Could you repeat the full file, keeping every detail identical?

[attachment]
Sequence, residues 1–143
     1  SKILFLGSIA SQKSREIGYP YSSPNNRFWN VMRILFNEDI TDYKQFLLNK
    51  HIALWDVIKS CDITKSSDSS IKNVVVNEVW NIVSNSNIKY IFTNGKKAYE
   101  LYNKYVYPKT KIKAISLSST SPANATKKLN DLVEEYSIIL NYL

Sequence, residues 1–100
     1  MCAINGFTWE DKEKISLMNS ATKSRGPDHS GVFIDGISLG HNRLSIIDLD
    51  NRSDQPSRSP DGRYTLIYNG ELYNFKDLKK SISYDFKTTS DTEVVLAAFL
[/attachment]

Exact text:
Sequence, residues 1–143
     1  SKILFLGSIA SQKSREIGYP YSSPNNRFWN VMRILFNEDI TDYKQFLLNK
    51  HIALWDVIKS CDITKSSDSS IKNVVVNEVW NIVSNSNIKY IFTNGKKAYE
   101  LYNKYVYPKT KIKAISLSST SPANATKKLN DLVEEYSIIL NYL

Sequence, residues 1–100
     1  MCAINGFTWE DKEKISLMNS ATKSRGPDHS GVFIDGISLG HNRLSIIDLD
    51  NRSDQPSRSP DGRYTLIYNG ELYNFKDLKK SISYDFKTTS DTEVVLAAFL